The ICC building in The Hague, Netherlands, could be one of the destinations for prosecuting Israeli war criminals (Reuters)
The idea of prosecuting Israel in international courts is gaining increasing attention in international human rights circles. This comes in light of the high casualties resulting from the shelling of the Israeli occupation forces in the Gaza Strip, which has so far resulted in the death of more than 15,<> civilians, which human rights organizations consider war crimes and systematic killing against the population.
International Criminal Court
The past weeks have recorded legal actions in more than one country aimed at prosecuting Israeli war criminals. The most recent was the complaint filed by South Africa, Bolivia, Bangladesh, Djibouti, and Comoros to the International Criminal Court on November 17. However, the hope for serious action by the International Criminal Court and its ability to prosecute the leaders of the occupation remains in doubt in light of the subordination of criminal mechanisms to the political calculations of major countries, especially the United States of America.
Despite the large number of complaints submitted by states and human rights organizations, international political will remains the most important element in activating the court's mechanisms and translating them into practical measures, especially with regard to Israeli war crimes that have not ceased against Palestinians for decades.
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The ICC's working mechanisms are complex, reducing the effectiveness of prosecution efforts. According to Dr. Mohamed Al-Moussa, an expert in international law, the International Criminal Court operates according to the principle of complementarity, meaning that it intervenes only if the states concerned are unable or unwilling to prosecute those involved in committing war crimes that fall within the jurisdiction of the International Criminal Court, namely war crimes or crimes of genocide and aggression. Dr. Al-Mousa is concerned that the ICC may see the Israeli judicial system as capable of carrying out such mechanisms. On the other hand, Israel's failure to sign the Rome Statute is also an obstacle in some respect, although this obstacle can be overcome if crimes committed within the territory of a member state of the court, in this case Palestine, are proved.
However, the International Criminal Court does not seem to be the only mechanism for prosecuting war criminals, as Dr. Al-Mousa stressed that international criminal mechanisms provide several pathways to prosecute war criminals. He adds that jurisdiction may allow war criminals to be tried in some national courts, whose laws have granted them universal jurisdiction over international crimes, or that can be classified as war crimes.
Mohammed Al-Mousa stresses the importance of national courts with international criminal jurisdiction in prosecuting Israeli perpetrators (Al Bawsala News)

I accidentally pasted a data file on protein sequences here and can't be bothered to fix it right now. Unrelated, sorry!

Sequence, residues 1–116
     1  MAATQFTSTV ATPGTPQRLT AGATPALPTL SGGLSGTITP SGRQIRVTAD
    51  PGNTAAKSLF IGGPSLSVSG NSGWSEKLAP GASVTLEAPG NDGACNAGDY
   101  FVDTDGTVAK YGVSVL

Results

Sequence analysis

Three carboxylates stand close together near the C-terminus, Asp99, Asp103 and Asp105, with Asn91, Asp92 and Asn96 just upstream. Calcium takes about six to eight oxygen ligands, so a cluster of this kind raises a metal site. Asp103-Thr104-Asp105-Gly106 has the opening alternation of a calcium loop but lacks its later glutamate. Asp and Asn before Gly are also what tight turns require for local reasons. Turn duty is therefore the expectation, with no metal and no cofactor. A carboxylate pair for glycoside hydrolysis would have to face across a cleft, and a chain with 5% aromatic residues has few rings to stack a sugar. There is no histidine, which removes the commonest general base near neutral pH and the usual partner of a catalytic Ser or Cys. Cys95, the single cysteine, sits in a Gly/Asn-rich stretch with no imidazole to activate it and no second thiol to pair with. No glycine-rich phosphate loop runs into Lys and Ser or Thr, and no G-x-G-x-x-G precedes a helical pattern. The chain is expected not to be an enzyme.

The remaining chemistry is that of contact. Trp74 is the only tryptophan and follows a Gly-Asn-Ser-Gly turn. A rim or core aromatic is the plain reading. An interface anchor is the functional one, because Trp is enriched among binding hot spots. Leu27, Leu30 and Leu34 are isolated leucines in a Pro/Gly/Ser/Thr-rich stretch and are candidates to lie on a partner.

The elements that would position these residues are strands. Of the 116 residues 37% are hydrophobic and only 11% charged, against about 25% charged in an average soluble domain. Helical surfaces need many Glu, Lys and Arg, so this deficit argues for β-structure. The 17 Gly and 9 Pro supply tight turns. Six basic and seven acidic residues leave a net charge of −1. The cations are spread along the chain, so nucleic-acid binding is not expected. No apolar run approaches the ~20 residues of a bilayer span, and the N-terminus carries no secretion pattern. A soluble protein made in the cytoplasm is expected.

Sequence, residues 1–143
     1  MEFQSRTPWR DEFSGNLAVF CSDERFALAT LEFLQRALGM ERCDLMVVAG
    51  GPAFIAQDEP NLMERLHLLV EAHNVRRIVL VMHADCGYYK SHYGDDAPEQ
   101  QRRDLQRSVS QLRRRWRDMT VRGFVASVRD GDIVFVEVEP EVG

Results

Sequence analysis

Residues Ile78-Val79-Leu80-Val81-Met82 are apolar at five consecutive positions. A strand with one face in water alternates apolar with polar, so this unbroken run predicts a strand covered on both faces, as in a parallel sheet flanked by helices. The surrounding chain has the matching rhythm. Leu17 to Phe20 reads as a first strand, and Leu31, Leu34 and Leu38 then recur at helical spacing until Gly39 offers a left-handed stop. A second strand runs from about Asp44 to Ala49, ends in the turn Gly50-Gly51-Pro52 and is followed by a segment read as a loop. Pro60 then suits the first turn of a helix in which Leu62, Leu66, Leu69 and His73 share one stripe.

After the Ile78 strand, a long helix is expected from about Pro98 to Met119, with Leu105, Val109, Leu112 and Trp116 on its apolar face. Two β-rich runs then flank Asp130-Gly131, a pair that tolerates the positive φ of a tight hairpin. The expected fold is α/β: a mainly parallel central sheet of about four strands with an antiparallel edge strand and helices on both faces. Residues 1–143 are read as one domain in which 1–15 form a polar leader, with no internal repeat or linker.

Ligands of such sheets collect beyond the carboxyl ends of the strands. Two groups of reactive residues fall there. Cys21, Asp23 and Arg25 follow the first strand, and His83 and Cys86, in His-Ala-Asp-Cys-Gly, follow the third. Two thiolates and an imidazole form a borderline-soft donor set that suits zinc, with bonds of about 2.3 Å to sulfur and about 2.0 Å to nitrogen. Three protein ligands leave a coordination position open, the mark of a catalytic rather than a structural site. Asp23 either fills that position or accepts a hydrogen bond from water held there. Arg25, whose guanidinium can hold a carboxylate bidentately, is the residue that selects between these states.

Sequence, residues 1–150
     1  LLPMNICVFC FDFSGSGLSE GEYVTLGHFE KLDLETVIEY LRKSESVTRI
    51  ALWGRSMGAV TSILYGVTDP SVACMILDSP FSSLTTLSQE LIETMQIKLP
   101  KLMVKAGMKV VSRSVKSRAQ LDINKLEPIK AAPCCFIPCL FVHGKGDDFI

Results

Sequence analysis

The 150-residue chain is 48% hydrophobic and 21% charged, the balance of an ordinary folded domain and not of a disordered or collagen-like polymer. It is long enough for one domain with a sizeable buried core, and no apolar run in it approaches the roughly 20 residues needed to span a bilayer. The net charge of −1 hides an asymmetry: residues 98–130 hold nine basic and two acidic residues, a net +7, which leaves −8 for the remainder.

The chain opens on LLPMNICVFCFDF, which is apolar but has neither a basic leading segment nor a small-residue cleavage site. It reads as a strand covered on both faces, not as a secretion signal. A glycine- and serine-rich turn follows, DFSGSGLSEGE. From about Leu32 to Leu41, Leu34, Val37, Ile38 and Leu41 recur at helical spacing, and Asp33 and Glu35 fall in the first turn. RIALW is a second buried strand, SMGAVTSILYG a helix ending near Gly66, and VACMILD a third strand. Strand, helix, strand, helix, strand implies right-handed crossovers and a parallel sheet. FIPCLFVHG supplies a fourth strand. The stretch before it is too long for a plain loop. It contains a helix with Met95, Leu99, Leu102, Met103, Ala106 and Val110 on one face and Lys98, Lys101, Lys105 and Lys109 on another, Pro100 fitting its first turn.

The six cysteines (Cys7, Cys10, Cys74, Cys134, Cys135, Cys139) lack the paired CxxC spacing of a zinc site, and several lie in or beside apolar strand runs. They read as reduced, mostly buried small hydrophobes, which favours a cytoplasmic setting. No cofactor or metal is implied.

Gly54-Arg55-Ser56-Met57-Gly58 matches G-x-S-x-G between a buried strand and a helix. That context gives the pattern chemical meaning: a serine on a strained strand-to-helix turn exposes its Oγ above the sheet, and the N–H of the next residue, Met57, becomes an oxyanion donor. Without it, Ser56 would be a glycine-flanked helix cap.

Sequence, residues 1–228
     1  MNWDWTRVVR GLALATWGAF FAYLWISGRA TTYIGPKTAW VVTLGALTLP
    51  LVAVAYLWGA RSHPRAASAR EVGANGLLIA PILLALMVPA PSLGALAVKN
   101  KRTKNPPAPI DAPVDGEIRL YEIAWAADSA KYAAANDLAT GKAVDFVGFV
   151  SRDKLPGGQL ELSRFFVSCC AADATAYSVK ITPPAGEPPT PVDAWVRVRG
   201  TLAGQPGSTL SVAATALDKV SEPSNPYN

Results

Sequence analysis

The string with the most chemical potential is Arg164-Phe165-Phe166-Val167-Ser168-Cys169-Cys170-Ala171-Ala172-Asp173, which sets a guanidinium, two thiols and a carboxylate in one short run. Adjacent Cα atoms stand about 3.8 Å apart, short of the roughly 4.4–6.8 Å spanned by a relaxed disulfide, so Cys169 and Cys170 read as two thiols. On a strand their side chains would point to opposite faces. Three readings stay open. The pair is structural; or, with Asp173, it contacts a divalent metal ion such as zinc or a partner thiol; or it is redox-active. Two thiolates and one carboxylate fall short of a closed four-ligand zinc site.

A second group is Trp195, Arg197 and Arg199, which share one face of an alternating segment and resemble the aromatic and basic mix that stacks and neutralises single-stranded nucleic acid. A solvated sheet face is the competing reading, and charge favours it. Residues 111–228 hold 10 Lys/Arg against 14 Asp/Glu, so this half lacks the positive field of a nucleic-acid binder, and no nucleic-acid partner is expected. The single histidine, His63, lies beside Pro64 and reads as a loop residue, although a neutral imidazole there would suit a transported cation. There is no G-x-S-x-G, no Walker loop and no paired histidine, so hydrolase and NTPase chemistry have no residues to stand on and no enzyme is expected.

Prosecution through national criminal mechanisms
National courts with international criminal jurisdiction are an important entry point for prosecuting Israeli war criminals. The legal system in most European countries, for example, provides for such jurisdiction. Today, this option seems more effective, because it is easy to apply and does not need many procedural and protocol complexities existing in international tribunals. In addition, it is subject to the national legal umbrella. The past few years have seen examples in Europe, where some of those accused of involvement in war crimes in Syria have been tried, with a German court earlier this year sentencing a person to life after convicting him of belonging to a militia affiliated with the Assad regime in Syria.
A number of Israeli leaders have also faced challenges while touring some European countries after activists filed a complaint against them in the countries they visit. In 2009, former Israeli Foreign Minister Tzipi Livni was forced to cancel her planned visit to London after a British judge issued an arrest warrant for her following a complaint over her role in possible war crimes in Gaza during the 2008 war. Livni was later killed again in 2016, but British government intervention prevented her arrest on both occasions. In 2005, an Israeli general was forced to return to Israel after staying several hours on the plane at Heathrow Airport for fear of arrest. Arrest warrants have also been issued for potential Israeli war criminals in more than one European country, such as Belgium and Spain.
Dr. Al-Mousa points to the importance of the personal criminal jurisdiction of national courts, and sees it as one of the most effective practical steps from his point of view. Although the only judicial action in prosecuting Israeli war criminals has been through national courts, each time politics has been the main cause of their impunity.
Special International Tribunal
Special international tribunals are an important development in contemporary international criminal mechanisms. The Nuremberg trials after World War II opened the door to this kind of accountability. Special international tribunals record successful experiences in the cases they have targeted to prosecute war crimes and genocide, such as the Tribunal for Yugoslavia (1993), the Rwanda Tribunal (1994), the Tribunal for Cambodia (2003) and the Tribunal for Lebanon (2005).
ICRC publications indicate that ad hoc international tribunals are complementary accountability mechanisms to the International Criminal Court and can convene within a national or international framework. Iranian President Ebrahim Raisi proposed the formation of a special court at the Arab-Islamic summit in Riyadh earlier this month. Dr. Mohammed Al-Mousa pointed out that the idea of forming a special international tribunal within the framework of the Organization of Islamic Cooperation or within the framework of the United Nations General Assembly is legally possible, and a practical and realistic step to prosecute Israeli war criminals, especially in light of the almost certain possibility of a US veto in the event of going to the Security Council for this purpose.